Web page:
Tag: trends

Why I’m learning Deno

As a CTO of an IT services company, I’m always on the lookout for rising technologies to give us an edge in crafting software for our clients. Recently, I’ve started learning Deno and I’m excited about its potential for five reasons.

First, Deno is Node.js without the node modules issue. With Node.js, your machine gets cluttered with countless node modules directories. Deno eliminates this problem, keeping your workspace clean.

Second, Deno offers a full-stack solution. Because Node.js focuses on backend, it requires React or Vue to do frontend stuff. With a full-stack framework called Fresh, you can develop both backend and frontend applications with Deno.

Third, Deno’s tooling is outstanding. The single ecosystem includes development, testing, compilation, and cloud deployment – no need to juggle multiple tools or languages. This streamlined approach makes life easier for developers.

Fourth, Deno is truly cloud-native. You can develop for AWS Lambda, Azure Function, Google Cloud, or other Edge Functions (like for Supabase)– all using just Deno. With its own deployment platform and compatibility with other cloud providers like AWS and DigitalOcean, it’s a versatile choice.

Lastly, you can compile your app into a single binary, just like Go and Rust allow. This means not only can you deploy on any cloud provider, but you also have the added advantage of distributing your app as a single binary.

I believe Deno could revolutionize the way we approach software development by offering a cleaner workspace, full stack capabilities, seamless tooling integration, cloud-native functionality, and database versatility. That’s why I’m so excited about Deno and have started learning it. Keep an eye out for more Deno posts from me.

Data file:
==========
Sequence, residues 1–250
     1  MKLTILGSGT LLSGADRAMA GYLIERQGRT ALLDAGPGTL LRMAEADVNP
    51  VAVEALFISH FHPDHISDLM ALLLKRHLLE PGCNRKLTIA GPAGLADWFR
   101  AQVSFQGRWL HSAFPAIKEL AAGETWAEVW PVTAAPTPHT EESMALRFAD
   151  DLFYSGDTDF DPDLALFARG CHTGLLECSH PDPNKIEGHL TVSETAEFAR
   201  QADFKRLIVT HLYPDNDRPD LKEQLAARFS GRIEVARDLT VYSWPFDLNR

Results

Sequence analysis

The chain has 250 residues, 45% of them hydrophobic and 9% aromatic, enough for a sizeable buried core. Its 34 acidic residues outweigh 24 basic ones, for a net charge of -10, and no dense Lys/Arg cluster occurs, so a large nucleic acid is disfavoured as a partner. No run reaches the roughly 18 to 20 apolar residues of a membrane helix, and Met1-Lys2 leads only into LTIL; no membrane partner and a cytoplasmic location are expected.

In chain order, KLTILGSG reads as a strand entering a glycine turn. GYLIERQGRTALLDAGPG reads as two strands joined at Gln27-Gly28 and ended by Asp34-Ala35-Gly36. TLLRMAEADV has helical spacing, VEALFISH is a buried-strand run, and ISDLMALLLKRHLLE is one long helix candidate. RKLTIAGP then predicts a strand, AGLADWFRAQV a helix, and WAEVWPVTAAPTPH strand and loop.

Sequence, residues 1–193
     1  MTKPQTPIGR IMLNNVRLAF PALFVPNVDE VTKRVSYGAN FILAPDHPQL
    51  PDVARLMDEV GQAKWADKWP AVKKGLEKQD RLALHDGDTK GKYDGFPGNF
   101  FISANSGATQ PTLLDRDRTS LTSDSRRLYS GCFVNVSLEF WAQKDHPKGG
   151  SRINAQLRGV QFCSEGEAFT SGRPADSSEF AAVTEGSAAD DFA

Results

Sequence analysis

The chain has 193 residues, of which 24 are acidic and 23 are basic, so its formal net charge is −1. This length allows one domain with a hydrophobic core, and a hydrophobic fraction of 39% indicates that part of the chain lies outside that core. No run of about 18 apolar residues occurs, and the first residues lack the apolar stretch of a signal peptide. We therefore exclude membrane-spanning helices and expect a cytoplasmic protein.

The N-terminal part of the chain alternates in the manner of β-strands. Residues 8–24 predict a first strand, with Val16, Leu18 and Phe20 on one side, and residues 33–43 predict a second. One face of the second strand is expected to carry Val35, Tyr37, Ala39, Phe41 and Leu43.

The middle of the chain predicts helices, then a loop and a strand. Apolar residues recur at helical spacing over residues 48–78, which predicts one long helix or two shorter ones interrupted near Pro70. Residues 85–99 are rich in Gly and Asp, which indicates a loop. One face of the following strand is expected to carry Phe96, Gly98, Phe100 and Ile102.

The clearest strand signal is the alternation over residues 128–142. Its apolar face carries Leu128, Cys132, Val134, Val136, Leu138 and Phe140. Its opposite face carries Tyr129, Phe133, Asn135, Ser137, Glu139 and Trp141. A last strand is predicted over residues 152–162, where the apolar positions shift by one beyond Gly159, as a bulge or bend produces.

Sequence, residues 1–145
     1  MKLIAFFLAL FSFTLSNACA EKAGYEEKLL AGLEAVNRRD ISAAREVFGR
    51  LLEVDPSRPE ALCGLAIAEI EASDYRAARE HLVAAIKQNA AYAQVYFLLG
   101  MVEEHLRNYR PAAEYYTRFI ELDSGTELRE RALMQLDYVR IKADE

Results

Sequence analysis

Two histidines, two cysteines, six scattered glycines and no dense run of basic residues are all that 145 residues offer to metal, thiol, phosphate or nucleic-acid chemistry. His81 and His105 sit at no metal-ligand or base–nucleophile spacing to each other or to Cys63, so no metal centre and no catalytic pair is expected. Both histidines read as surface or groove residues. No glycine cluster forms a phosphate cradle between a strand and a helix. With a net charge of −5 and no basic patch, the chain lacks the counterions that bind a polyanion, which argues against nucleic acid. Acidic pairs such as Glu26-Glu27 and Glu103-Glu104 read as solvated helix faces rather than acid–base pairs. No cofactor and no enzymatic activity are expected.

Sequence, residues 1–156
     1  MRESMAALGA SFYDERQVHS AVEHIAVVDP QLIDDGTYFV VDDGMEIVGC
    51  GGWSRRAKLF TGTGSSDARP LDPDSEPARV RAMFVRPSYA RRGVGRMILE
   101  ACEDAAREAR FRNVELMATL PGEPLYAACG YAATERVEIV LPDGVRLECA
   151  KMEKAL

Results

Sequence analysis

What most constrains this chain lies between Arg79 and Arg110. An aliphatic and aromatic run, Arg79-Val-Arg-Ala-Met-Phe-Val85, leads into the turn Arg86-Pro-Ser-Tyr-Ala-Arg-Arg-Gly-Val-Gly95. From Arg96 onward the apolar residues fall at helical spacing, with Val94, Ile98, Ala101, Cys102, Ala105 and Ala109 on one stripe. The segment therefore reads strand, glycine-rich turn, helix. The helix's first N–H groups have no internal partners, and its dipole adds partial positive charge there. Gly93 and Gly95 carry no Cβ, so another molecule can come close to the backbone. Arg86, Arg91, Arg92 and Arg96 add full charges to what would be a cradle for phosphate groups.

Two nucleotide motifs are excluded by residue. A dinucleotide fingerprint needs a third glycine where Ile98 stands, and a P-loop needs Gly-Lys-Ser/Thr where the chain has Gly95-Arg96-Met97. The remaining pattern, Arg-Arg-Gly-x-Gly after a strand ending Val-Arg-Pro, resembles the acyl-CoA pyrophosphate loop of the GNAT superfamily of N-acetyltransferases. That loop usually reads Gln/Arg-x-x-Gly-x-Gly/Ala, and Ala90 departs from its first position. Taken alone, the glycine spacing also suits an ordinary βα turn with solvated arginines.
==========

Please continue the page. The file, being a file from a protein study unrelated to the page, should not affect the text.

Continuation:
Two AI trends for 2024

There are two emerging AI trends that will impact our careers. These trends will also affect how products are built, especially how they’re billed. It’s about AI managers and AI workers, which are interconnected but need to be discussed separately.

Food delivery apps like Zomato and ride-sharing apps like Uber and Ola already employ AI managers. In these cases, AI algorithms do a good job allocating work. In the future, we’ll see more AI management tools, like routing and management algorithms. AI managers won’t just be used in offices; Bangalore airport uses DigiYatra, which uses facial recognition for check-in. Eventually, AI managers will become seamlessly integrated into our daily routines, assigning and evaluating tasks without us even noticing.

The second trend is hiring AI workers. It’s already starting to take shape. Instead of hiring human video or audio editors, you can use an app like Descript to remove background noise and edit recordings. With tools like Audiopen, you can dictate, transcribe, and write. These are just two examples of how AI workers will become more common.

Why call them AI workers instead of apps? Because they are like virtual assistants. People have been hiring virtual assistants around the world to do things like email management and calendar organizing. Typically, these assistants communicate using text-based platforms like WhatsApp.

Right now, there’s a real person answering these chats. However, as AI workers become more sophisticated and integrated into our lives, we may be able to communicate with them like human virtual assistants – blurring the lines between apps and workers. Imagine chatting with an AI chatbot, asking for research on specific topics like food allergies or flight schedules between Chandigarh and Bangalore. It might even book a flight for you and deduct the payment from your account.

We hire Ola and Uber for a specific trip. We don’t pay a monthly subscription. These “workers” will be billed like Ola and Uber. Instead of paying a monthly subscription, we’ll hire them for a specific task. So product builders will have to rethink how they bill and slice their products.